GOP Senator Compares Trump's War On The Media To Stalin's Rhetoric

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Arizona Republican Sen. Jeff Flake compared President Donald Trump to Joseph Stalin, saying that his attacks against the media threatened our democracy itself.

Arizona Republican Sen. Jeff Flake.

Arizona Sen. Jeff Flake, a Republican, tore into President Donald Trump on the Senate floor Wednesday over what Flake describes as behavior from the president that is taking “a very dangerous path.”

Specifically, Flake took Trump to task for the latter’s attacks on the media, and for suggesting that news reports that shone a negative light on the president were “fake news.”

“No longer can we compound attacks on truth with our silent acquiescence,” Flake said. “No longer can we turn a blind eye or a deaf ear to these assaults on our institutions.”

Flake elaborated on the disturbing issue of Trump’s harsh media critiques.

"An American president who cannot take criticism — who must constantly deflect and distort and distract — who must find someone else to blame — is charting a very dangerous path. And a Congress that fails to act as a check on the president adds to the danger," he said.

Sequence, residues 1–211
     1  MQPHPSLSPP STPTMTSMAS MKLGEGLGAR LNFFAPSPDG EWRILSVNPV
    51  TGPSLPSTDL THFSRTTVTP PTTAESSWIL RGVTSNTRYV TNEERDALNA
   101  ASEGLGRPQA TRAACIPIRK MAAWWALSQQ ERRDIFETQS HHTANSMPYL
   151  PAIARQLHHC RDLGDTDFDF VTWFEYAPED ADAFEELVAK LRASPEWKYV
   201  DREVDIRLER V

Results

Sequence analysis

Trump’s attacks on the media have been unprecedented in the modern presidency. He has called reports he finds critical of his administration “fake news” many times over, mentioning the term in more than 150 tweets alone since his inauguration, according to a search on the Trump Twitter Archive. That number doesn’t include the numerous statements he’s made in other mediums deriding news coverage of his presidency, nor the suggestion that he would create a “Fake News” award for organizations he deemed “most corrupt and biased.”

Trump even called the media “the enemy of the American people” in a tweet back in February.

That type of talk is dangerous, Flake said, and reminiscent of words a former Soviet Union leader once frequently employed against his own detractors.

“It is a testament to the condition of our democracy that our own president uses words infamously spoken by Joseph Stalin to describe his enemies,” Flake said. “It bears noting that so fraught with malice was the phrase 'enemy of the people,' that even Nikita Khrushchev forbade its use.”

Flake is not running for re-election to his Senate seat, and that allows him to speak up against the president without political consequence. It’s also rumored that Flake may consider running against the president in a Republican primary election, a proposition he hasn’t yet formally ruled out.

Even if he doesn’t run, it’s important to note the significance of Flake’s opposition to Trump. Unlike countless other Republicans, Flake is putting his country ahead of his party, refusing to accept Trump’s demeanor and vicious lines of attacks as acceptable or normal. If more of his colleagues were willing to do the same, the country might be in a better place than it currently is today.

Carbonated.TV
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